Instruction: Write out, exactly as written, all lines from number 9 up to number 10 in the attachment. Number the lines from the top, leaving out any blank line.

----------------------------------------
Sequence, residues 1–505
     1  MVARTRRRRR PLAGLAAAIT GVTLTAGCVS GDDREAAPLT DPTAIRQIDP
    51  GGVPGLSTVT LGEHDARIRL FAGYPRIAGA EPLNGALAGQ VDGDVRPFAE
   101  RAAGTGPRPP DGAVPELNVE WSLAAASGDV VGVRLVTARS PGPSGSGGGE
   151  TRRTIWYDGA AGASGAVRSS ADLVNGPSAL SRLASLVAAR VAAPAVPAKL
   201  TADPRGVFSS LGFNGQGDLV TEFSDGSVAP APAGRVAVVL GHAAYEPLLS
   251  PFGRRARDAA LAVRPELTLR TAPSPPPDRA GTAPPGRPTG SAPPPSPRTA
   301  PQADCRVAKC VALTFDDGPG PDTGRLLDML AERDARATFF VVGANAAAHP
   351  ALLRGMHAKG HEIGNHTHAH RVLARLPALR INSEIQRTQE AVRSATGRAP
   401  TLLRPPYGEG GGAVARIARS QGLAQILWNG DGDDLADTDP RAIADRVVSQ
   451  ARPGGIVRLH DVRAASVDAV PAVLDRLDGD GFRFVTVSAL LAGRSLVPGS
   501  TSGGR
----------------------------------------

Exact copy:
   351  ALLRGMHAKG HEIGNHTHAH RVLARLPALR INSEIQRTQE AVRSATGRAP
   401  TLLRPPYGEG GGAVARIARS QGLAQILWNG DGDDLADTDP RAIADRVVSQ